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Red Hat Hit With Patent Suit Over JBoss 201

An anonymous reader writes "A small software company is claiming that Red Hat's JBoss open source middleware violates one of its patents and is asking a court to stop Red Hat from distributing the product. Software Tree LLC claims that JBoss infringes on its database patent for 'exchanging data and commands between an object oriented system and a relational system.' Software Tree's partners include Microsoft, and that the suit was filed in Eastern Texas, which is known as a plaintiff's paradise for patent actions."

Comment Yet one more client (Score 2, Insightful) 220

This entirely misses the point! I have this reliably working with IMAP, and for a long time. The whole point of the mobile interface is that you can use it on any machine and keep synced. This solution just creates one more, very imperfect, email client.
The Courts

RealNetworks, Film Industry Headed To Court 173

netbuzz writes "Apparently tired of waiting to be sued by the movie studios over its new DVD-to-PC copying software, RealNetworks this morning announced it will file a preemptive lawsuit in an attempt to authoritatively establish that the product does not infringe on copyright restrictions. Within an hour or so, the Motion Picture Association of America said it would have a litigation announcement of its own this afternoon."

The Unauthorized State-Owned Chinese Disneyland 746

rmnoon writes "Apparently Japanese TV and bloggers have just discovered Disney's theme park in China, where young children can be part of the Magic Kingdom and interact with their favorite characters (like Mickey Mouse, Donald Duck, and the Seven Dwarfs). The park's slogan is 'Because Disneyland is Too Far,' and there's even an Epcot-like dome. The only problem? Disney didn't build it, and they didn't authorize it. What's more? It's state-owned!"

Over 27% of Firefox Patches Come from Volunteers 107

dolphinling writes "Everyone is aware that the Mozilla Corporation makes some money, and employs some people now. Google has full-time employees working on Firefox too, as do a number of other places. Yet despite that, in the six months up to Firefox 2 some 27% of the patches to Firefox were submitted by key volunteers, and those patches represent 24% of changes made to the source code. What's more, those numbers only counted contributers with 50 patches or more, so the actual numbers are probably quite a bit higher. It's good to see that even as Mozilla does so well in the business world, it can still keep its ties to the community so strong." They were running these number to find out who they need to start offering support to. So: contribute to Firefox, and you know you'll get a hand up. Nice work, folks.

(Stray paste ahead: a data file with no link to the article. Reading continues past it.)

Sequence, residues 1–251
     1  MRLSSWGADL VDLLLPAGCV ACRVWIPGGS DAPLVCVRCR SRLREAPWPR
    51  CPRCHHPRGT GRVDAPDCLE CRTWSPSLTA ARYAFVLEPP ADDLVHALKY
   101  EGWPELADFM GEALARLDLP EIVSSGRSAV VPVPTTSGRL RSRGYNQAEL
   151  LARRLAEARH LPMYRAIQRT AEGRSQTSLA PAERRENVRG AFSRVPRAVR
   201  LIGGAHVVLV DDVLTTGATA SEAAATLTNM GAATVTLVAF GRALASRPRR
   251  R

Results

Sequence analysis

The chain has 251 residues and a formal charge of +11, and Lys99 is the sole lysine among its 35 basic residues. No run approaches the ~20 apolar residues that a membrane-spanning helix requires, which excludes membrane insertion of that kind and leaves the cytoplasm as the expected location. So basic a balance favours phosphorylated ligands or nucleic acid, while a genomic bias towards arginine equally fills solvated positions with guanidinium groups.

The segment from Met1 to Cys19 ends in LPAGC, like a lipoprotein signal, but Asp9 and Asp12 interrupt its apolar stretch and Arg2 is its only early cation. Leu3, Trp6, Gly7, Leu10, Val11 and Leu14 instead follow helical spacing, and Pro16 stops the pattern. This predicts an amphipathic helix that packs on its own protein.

Microsoft Blasts IBM Over XML Standards 323

carlmenezes writes "Ars Technica has up an article discussing Microsoft's latest salvo against IBM. Microsoft's open letter to IBM adds fresh ammunition to the battle of words between those who support Microsoft's Open XML and's OpenDocument file formats. Microsoft has strong words for IBM, which it accuses of deliberately trying to sabotage Microsoft's attempt to get Open XML certified as a standard by the ECMA. In the letter, general managers Tom Robertson and Jean Paol write: 'When ODF was under consideration, Microsoft made no effort to slow down the process because we recognized customers' interest in the standardization of document formats.' In contrast, the authors charge that IBM 'led a global campaign' urging that governments and other organizations demand that International Standards Organization (ISO) reject Open XML outright."

Earth's Constant Hum Explained 336

MattSparkes writes "It has been known for some time that there is a constant hum that emanates from the Earth, which can be heard near 10 millihertz on a seismometer. The problem was that nobody knew what caused it. It has now been shown that it is caused by waves on the bottom of the sea, and more specifically 'by the combination of two waves of the same frequency travelling in opposite directions.'"

Feed $82 For E-Voting Secrets (

Five Sequoia electronic voting machines sold at on online auction? $82. A chance for a researcher to dissect the embedded software that the company refused to make public? Priceless. By Kim Zetter.

I was playing poker the other night... with Tarot cards. I got a full house and 4 people died. -- Steven Wright